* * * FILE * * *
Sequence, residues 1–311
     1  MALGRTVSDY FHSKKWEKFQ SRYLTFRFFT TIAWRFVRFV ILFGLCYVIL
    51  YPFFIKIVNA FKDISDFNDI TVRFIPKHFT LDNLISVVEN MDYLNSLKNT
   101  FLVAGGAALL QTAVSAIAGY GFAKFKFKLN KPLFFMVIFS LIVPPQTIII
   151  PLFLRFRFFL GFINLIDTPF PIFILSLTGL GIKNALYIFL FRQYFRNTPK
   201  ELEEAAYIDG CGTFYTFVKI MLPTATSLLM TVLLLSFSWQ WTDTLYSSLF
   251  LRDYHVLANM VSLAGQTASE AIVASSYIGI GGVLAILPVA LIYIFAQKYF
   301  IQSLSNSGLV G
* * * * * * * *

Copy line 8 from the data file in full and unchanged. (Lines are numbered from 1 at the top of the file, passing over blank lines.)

   301  IQSLSNSGLV G